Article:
Parashat Tetzaveh - Exodus 27:20-30:10

The Degradation of Holiness

After the instructions for making the oil for the Temple menorah, parashat Tetzave is primarily focused on the consecration of the kohanim (priests), including how their priestly garments are to be tailored. As part of the consecration ceremony, Aaron and his sons are instructed to offer up a ram and eat it at the entrance of the Tent of Meeting:

You shall take the ram of ordination and boil its flesh in a holy place. And Aaron and his sons shall eat the flesh of the ram and the bread that is in the basket in the entrance of the tent of meeting. They shall eat those things with which atonement was made at their ordination and consecration, but an outsider shall not eat of them, because they are holy. (Exodus 29:31–33)

According to this passage, the ram served three purposes. It was for atonement, ordination, and consecration. The priests were commanded to eat it, but it was forbidden to outsiders. Leviticus 22:10 reinforces this saying, “A lay person shall not eat of a holy thing; no foreign guest of the priest or hired worker shall eat of a holy thing.” These instructions sound similar to Paul’s instruction for partaking of what is commonly called the Lord’s Supper:

Whoever, therefore, eats the bread or drinks the cup of the Lord in an unworthy manner will be guilty concerning the body and blood of the Lord … For anyone who eats and drinks without discerning the body eats and drinks judgment on himself. (1 Corinthians 11:27, 29)

The Didache (one of the earliest testimonies to the teachings of the Apostles outside of the Apostolic canon) interprets this prohibition narrowly to mean those who have not come to faith in Yeshua:

Let no one eat or drink of your thanks-giving except those who have been baptized in the name of the Lord, for the Lord has said, “Do not give that which is holy to the dogs.” (Didache 9:5)

Like the food consecrated for the priests, these elements are forbidden to “outsiders,” or those who are not within the boundaries of the sacred fellowship. Yeshua offered up both his body and his blood to make atonement on our behalf. Therefore, since the bread and the wine Yeshua’s followers partake of memorialize his death, resurrection, and return, the Apostles treated them with a similar sanctity as the food reserved for the priesthood. They were given a degree of holiness, and holy things require protective boundaries to ensure their sanctity will not be compromised.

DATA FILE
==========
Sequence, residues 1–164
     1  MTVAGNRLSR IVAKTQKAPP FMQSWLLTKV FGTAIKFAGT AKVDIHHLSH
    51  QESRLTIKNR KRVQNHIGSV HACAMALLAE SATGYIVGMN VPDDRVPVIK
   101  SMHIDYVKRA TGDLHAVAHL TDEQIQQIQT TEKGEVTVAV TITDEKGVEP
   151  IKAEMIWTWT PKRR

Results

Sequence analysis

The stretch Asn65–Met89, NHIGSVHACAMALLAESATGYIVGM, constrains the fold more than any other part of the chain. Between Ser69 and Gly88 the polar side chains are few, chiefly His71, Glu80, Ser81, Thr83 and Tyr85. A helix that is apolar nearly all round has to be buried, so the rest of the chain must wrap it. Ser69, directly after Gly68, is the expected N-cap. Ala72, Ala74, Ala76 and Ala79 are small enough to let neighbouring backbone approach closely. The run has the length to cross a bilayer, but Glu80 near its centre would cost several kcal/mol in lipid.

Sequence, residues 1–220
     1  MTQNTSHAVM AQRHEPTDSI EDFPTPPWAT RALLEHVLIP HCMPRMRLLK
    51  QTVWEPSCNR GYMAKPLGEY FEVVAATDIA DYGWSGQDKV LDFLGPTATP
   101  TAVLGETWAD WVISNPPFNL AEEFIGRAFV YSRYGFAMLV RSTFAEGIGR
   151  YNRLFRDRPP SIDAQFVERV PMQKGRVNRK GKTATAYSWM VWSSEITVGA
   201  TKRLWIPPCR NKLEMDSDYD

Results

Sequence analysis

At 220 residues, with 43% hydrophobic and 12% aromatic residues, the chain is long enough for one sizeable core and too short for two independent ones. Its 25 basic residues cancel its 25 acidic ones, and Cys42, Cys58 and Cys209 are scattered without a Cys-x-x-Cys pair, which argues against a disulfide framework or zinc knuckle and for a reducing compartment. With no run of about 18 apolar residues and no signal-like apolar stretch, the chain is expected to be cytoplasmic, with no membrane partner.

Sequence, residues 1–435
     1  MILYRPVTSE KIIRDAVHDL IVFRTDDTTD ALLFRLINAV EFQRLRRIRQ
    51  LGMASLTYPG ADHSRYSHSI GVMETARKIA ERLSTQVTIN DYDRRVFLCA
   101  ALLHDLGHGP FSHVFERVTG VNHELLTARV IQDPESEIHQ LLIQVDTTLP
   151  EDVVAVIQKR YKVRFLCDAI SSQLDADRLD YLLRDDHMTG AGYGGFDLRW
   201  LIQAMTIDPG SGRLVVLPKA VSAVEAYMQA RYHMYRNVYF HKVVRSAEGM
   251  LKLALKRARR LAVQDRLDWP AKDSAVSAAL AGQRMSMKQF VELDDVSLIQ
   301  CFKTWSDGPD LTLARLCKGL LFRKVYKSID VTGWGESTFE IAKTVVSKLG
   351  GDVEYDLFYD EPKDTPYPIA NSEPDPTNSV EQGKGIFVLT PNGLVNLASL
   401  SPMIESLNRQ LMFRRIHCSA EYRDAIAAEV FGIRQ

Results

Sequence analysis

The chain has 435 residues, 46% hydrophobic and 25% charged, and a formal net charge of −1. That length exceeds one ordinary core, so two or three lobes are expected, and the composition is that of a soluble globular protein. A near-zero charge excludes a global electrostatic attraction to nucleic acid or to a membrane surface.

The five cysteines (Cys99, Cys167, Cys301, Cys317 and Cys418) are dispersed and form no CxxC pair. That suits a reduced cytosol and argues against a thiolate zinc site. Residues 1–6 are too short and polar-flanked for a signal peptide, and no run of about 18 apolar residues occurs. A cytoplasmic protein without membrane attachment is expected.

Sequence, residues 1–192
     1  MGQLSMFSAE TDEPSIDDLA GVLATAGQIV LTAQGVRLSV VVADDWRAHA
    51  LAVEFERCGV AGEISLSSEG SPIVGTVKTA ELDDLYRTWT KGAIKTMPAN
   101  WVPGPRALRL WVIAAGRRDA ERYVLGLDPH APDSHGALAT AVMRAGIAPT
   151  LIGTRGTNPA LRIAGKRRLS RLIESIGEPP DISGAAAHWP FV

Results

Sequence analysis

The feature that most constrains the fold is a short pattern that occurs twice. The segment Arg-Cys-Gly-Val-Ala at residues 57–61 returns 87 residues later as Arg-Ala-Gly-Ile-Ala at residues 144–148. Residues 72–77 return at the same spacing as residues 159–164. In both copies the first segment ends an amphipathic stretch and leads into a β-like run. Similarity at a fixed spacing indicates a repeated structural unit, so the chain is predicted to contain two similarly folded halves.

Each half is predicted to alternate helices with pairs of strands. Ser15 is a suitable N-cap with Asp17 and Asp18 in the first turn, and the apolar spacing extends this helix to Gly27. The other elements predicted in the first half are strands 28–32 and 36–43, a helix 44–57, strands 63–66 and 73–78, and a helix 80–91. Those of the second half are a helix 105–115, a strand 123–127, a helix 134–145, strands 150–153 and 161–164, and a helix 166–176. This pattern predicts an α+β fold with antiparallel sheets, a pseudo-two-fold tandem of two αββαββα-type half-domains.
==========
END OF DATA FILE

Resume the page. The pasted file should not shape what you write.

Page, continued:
The concept is difficult for us to grasp because we live in a culture that has lost its understanding of holiness. To be holy means to be set apart to God for a specific purpose. Modern man is uncomfortable with the idea that some things are sacred because it immediately implies that others are not. People don’t like being different than those around them. It’s human nature to succumb to peer pressure and adopt a herd mentality, rather than to stand out from the crowd. It even seems that modern religion has made it its goal to desanctify the sacred. In a society obsessed with equality, we find the idea of a religion that contains elements that are unaccessible to the masses unacceptable. Therefore, today’s clergy is working harder and harder to be as cool and casual as their congregants in order to avoid any traces of distinction.

The fuller context of what Yeshua said about giving holy things to dogs is:

Do not give dogs what is holy, and do not throw your pearls before pigs, lest they trample them underfoot and turn to attack you. (Matthew 7:6)

Yeshua’s words are coming to pass. We have lost a respect for the sacred in our generation and Judaism and Christianity are a constant target of attack. Why? We have ignored our Master’s teachings and placed what is holy into the laps of dogs and pigs. The same thing has happened in our generation that happened in the days of the prophet Isaiah. The concept of holiness has been distorted through hypocrisy and those who do not live up to the holiness they claim to be representing. Isaiah’s rebuke against these people is where we get the phrase “holier than thou” (from the King James):

I spread out my hands all the day to a rebellious people, who walk in a way that is not good, following their own devices … who say, “Keep to yourself, do not come near me, for I am too holy for you.” (Isaiah 65:2, 5)

In Isaiah’s day, the people who claimed a status of holiness were the ones who were living completely contrary to God’s standard of righteousness. They wanted to be set apart, but they weren’t willing to live according to the standard associated with this level of sanctity. This is a constant struggle among the people of God. Unfortunately, our current way of remedying this problem has been to invalidate holiness as a whole, rather than to elevate it. How do we turn the tide on this? Maybe we should begin by taking our Master’s words to heart and treat holy time, holy space, and holy objects with the sanctity they deserve. Maybe this will begin to show the world the beauty of holiness rather than the ugliness of hypocrisy.